Schedule: 28.01.2020 - 30.01.2020
Contact information for the course (applies in this implementation):
Professor Teemu Kautonen
Dr Johannes Gartner
Teaching Period (valid 01.08.2018-31.07.2020):
Period III (2019-2020)
Learning Outcomes (valid 01.08.2018-31.07.2020):
Students will develop an understanding of two big issues that entrepreneurial businesses entering new markets face: (1) market and competitive analysis and (2) strategic positioning and dynamics. Students will learn to apply a number of theoretical ideas to analyse these issues, such as transaction costs and asset specificity, predatory strategies and price discrimination.
Content (valid 01.08.2018-31.07.2020):
Entrepreneurial businesses from start-ups to established corporations enter new markets with innovative products and services. This course covers strategic considerations and analysis tools that are relevant for understanding the market that the firm is about to enter and for developing a strategy that leads to a successful entry and sustainable competitive advantage.
Details on the course content (applies in this implementation):
What the main objectives and contents of this course are
Innovations are crucial for economic development and societal welfare. Entrepreneurship is the
key function in bringing innovations to the market. This course examines how entrepreneurial
businesses from start-ups to established corporations bring new innovative products and services
to the market.
The first objective of the course is developing an understanding of strategic considerations and
analytical tools that are relevant for evaluating the market that the firm is about to enter and for
developing a strategy that leads to a successful entry and sustainable competitive advantage.
The second objective is learning to apply that understanding to analysing real market entry
situations through business case analysis.
What you should know before you start the course
The course has been designed so that students from a variety of backgrounds can attend it and
there are no prior course requirements. Basic knowledge of microeconomics is helpful, but we have
endeavoured to provide clear explanations of all economic concepts used in the course in the online
materials. Alternatively, or additionally, you can read the ‘Economics Primer’ section in the
recommended textbook to brush up on basic microeconomics.
What you should know after completing the course
After completing this course students will have developed an understanding of two big issues that
entrepreneurial businesses entering new markets face: (1) market and competitive analysis and (2)
strategic positioning. They will also have learned to apply the conceptual material related to those
issues to real business cases.
Assessment Methods and Criteria (valid 01.08.2018-31.07.2020):
Midterm and final exams (online)
Elaboration of the evaluation criteria and methods, and acquainting students with the evaluation (applies in this implementation):
In order to complete this course successfully, you will need to collect 50 or more points out of the
total of 100 available. The distribution of the points and the work required are described in more
The final marks are based on the total points as follows:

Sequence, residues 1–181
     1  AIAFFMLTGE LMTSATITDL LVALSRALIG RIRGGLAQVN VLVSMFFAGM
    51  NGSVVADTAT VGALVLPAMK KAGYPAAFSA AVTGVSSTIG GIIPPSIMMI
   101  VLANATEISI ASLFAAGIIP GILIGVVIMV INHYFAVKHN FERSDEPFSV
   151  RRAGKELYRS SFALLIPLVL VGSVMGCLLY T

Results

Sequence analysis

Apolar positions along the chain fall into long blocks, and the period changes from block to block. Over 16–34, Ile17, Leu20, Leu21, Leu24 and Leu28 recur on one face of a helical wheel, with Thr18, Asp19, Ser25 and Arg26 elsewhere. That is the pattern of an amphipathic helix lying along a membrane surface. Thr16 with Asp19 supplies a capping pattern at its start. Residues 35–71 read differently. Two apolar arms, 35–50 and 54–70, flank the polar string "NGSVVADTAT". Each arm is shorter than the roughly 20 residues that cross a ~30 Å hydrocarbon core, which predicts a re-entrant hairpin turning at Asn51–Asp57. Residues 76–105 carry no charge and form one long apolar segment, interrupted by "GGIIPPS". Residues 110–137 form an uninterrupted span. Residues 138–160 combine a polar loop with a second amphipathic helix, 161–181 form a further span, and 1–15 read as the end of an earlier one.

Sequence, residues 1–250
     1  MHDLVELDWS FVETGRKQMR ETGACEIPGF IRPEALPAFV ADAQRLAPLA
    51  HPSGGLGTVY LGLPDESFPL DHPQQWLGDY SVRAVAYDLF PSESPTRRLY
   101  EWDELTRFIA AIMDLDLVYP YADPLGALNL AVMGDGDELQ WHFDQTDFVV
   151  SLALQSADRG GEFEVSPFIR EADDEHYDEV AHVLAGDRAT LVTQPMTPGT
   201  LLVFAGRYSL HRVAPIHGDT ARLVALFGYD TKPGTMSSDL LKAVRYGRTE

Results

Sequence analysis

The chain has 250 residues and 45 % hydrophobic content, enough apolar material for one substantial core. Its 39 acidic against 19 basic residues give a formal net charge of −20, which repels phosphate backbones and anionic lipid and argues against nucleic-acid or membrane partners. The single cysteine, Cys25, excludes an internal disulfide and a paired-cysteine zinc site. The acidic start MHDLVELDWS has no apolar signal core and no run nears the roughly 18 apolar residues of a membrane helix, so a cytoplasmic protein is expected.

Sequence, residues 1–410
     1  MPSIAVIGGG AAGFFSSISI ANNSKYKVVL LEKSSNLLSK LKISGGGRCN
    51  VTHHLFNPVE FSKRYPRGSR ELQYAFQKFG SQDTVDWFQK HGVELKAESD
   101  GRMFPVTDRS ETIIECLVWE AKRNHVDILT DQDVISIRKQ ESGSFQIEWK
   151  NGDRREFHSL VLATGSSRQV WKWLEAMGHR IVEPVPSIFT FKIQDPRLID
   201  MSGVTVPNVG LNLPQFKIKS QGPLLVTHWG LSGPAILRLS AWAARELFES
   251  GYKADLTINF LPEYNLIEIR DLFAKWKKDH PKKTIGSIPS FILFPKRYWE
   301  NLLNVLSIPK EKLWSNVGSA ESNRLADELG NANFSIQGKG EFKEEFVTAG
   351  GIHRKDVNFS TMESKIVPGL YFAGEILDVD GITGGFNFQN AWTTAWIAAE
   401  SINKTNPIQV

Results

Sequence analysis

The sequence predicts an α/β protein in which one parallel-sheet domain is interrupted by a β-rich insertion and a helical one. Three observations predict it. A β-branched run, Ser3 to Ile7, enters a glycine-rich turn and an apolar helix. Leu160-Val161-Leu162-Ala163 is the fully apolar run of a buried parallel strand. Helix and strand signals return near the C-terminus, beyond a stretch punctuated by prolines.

50-59 points 1
60-69 points 2
70-79 points 3
80-89 points 4
90-100 points 5
1. Completing the online learning modules (0 or 10 points)
You will need to complete all seven online learning modules such that you score at least 70%
correct in the questions included in each module. You can repeat each module as many times as
The online learning systems opens on Tuesday, 7 January at 8:00 and stays open until Thursday,
23 January 23:55. Within this time frame, you can complete the modules at your own pace.
You will get 10 points if you complete all seven modules on time (by Thursday, 23 January 23:55)
and 0 points if you fail to do so.
2. Midterm exam (0-30 points)
The midterm exam tests what you have learned in the seven online learning modules. The exam
comprises 30 single-choice questions with 5 answer options each. For each correct answer, you get
one point – up to a total of 30 points. You have 60 minutes to complete the exam.
The exam is administered online on MyCourses on Friday, 24 January 17:00-18:00. Time is very
limited so make sure you have logged in well before the exam commences.
Because the exam is online, you can take it wherever you wish, as long as you can access
MyCourses with a reliable internet connection. You can use any supporting materials you wish –
but note that you have on average two minutes per question, so don’t rely on studying while taking
Note that the questions and answer options are presented to each student in a random order. Thus,
asking a fellow student sitting next to you what the answer to question 10 is won’t work.
Should you miss or not pass the exam, or you are unhappy with your score, you can retake the
exam on Friday, 31 January 17:00-18:00. If you take the exam twice, the higher score counts to
your final mark.
3. Final exam (0-60 points)
The final exam requires you to apply the concepts you have learned in the online learning modules
to four cases: Flybaboo, Newlight Technologies, Slavic Treasures and Plumis.
There will be two questions requiring answers of up to 1000 words each. The exam will be open
books, open notes and it is highly advisable to prepare well in advance. The slide set we have
prepared for you should be a handy memory aid of the theoretical material covered in the course.